hadron In particle physics, a hadron (; grc, ß╝ü╬┤ŽüŽīŽé, hadr├│s; "stout, thick") is a composite subatomic particle made of two or more quarks held together by the strong interaction. They are analogous to molecules that are held together by the ...
s, the
subatomic particle In physical sciences, a subatomic particle is a particle that composes an atom. According to the Standard Model of particle physics, a subatomic particle can be either a composite particle, which is composed of other particles (for example, a pr ...
s like the proton and neutron that feel the strong interaction. In the 1960s, Geoffrey Chew and
Steven Frautschi Steven C. Frautschi (; born December 6, 1933) is an American theoretical physicist, currently professor of physics emeritus at the California Institute of Technology (Caltech). He is known principally for his contributions to the bootstrap theory ...
discovered that the
meson In particle physics, a meson ( or ) is a type of hadronic subatomic particle composed of an equal number of quarks and antiquarks, usually one of each, bound together by the strong interaction. Because mesons are composed of quark subparticle ...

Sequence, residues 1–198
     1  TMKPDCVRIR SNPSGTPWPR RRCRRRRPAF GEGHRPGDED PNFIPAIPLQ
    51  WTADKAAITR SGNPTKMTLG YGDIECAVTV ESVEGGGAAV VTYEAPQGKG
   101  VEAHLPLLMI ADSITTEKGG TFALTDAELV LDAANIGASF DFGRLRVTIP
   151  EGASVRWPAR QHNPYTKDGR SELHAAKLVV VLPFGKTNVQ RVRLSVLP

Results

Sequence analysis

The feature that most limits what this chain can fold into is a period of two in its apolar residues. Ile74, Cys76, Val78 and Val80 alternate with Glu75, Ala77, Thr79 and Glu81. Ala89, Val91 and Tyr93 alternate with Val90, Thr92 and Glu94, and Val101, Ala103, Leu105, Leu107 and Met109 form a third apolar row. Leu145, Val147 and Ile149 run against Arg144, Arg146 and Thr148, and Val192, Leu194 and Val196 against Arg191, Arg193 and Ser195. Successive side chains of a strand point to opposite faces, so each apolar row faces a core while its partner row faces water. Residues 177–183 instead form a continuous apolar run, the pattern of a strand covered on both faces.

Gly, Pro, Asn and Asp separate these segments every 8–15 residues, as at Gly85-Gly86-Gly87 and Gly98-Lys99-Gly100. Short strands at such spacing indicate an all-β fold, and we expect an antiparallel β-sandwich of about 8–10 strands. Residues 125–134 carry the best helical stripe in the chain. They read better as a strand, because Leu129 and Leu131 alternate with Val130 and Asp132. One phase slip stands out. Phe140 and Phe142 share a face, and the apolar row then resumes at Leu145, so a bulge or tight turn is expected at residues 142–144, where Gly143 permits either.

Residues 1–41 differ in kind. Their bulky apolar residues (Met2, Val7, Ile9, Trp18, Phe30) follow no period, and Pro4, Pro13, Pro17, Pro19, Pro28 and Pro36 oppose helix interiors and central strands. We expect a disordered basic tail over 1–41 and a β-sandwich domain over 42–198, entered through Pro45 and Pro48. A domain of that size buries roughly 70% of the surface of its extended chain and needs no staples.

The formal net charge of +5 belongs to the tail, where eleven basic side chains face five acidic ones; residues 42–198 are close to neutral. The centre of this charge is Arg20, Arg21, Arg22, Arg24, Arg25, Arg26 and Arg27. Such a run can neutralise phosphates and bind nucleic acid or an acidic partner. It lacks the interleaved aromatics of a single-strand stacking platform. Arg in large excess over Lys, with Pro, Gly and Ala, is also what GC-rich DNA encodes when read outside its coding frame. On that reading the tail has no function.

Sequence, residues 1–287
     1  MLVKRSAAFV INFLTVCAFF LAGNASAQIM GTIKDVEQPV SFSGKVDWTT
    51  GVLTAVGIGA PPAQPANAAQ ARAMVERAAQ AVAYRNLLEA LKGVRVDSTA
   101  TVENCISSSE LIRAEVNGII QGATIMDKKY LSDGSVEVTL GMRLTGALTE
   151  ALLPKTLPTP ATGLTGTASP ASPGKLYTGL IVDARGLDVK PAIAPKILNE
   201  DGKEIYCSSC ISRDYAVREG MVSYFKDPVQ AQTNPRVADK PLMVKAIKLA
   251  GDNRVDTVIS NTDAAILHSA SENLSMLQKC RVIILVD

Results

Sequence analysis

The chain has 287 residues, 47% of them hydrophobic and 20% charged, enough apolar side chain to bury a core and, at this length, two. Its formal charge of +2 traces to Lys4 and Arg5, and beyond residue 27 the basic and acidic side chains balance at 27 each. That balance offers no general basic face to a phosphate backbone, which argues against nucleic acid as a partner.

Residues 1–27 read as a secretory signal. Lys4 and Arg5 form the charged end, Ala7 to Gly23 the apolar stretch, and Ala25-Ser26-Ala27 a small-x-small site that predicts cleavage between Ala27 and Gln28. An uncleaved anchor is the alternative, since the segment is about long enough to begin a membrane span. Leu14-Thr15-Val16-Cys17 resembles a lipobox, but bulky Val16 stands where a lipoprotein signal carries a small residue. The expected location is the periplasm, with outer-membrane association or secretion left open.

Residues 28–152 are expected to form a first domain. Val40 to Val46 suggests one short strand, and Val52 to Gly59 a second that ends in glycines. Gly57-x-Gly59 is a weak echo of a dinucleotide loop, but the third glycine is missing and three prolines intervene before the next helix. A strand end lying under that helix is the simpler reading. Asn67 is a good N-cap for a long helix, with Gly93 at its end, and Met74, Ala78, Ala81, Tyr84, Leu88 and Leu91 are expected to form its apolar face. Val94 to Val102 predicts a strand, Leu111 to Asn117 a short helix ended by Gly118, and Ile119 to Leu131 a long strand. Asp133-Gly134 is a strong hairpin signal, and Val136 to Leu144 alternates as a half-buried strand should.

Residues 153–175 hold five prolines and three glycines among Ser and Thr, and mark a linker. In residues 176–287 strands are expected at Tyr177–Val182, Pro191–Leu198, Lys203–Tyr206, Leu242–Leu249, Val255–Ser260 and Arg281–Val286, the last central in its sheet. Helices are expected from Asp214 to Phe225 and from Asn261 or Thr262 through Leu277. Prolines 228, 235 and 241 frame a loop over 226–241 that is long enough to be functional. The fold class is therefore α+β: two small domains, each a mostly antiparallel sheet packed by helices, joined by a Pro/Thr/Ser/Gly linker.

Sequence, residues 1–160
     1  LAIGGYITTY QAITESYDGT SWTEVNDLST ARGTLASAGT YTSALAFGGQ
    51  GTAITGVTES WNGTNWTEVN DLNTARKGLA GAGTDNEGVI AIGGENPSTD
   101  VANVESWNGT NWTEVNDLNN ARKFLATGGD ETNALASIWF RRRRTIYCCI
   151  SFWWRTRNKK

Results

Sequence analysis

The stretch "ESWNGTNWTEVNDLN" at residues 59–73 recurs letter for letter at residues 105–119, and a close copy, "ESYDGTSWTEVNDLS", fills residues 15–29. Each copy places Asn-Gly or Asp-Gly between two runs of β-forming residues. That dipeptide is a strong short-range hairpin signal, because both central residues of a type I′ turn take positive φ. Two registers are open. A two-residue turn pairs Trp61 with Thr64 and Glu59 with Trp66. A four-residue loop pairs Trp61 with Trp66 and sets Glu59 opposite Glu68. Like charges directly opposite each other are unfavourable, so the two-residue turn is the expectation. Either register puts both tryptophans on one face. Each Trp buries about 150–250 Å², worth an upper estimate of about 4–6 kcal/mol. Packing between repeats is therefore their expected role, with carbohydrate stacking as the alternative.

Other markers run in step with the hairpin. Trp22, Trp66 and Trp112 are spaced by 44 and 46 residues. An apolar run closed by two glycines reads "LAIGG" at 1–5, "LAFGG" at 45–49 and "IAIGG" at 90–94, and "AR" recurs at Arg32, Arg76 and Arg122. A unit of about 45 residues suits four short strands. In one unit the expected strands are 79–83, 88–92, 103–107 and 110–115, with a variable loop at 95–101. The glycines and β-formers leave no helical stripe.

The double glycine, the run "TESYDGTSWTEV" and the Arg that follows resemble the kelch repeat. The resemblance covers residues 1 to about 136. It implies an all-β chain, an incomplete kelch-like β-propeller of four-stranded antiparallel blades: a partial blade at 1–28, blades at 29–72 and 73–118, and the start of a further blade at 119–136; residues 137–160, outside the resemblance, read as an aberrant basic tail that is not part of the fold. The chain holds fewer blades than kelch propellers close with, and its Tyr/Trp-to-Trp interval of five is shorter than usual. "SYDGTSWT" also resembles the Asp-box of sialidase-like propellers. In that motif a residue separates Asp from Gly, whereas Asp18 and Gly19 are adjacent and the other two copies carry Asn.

s make families called Regge trajectories with masses related to spins in a way that was later understood by Yoichiro Nambu, Holger Bech Nielsen and
Leonard Susskind Leonard Susskind (; born June 16, 1940)his 60th birthday was celebrated with a special symposium at Stanford University.in Geoffrey West's introduction, he gives Suskind's current age as 74 and says his birthday was recent. is an American physicis ...
to be the relationship expected from rotating strings. Chew advocated making a theory for the interactions of these trajectories that did not presume that they were composed of any fundamental particles, but would construct their interactions from self-consistency conditions on the
S-matrix In physics, the ''S''-matrix or scattering matrix relates the initial state and the final state of a physical system undergoing a scattering process. It is used in quantum mechanics, scattering theory and quantum field theory (QFT). More forma ...
. The S-matrix approach was started by
Werner Heisenberg Werner Karl Heisenberg () (5 December 1901 ŌĆō 1 February 1976) was a German theoretical physicist and one of the main pioneers of the theory of quantum mechanics. He published his work in 1925 in a breakthrough paper. In the subsequent serie ...
in the 1940s as a way of constructing a theory that did not rely on the local notions of space and time, which Heisenberg believed break down at the nuclear scale. While the scale was off by many orders of magnitude, the approach he advocated was ideally suited for a theory of quantum gravity. Working with experimental data, R. Dolen, D. Horn and C. Schmid developed some sum rules for hadron exchange. When a particle and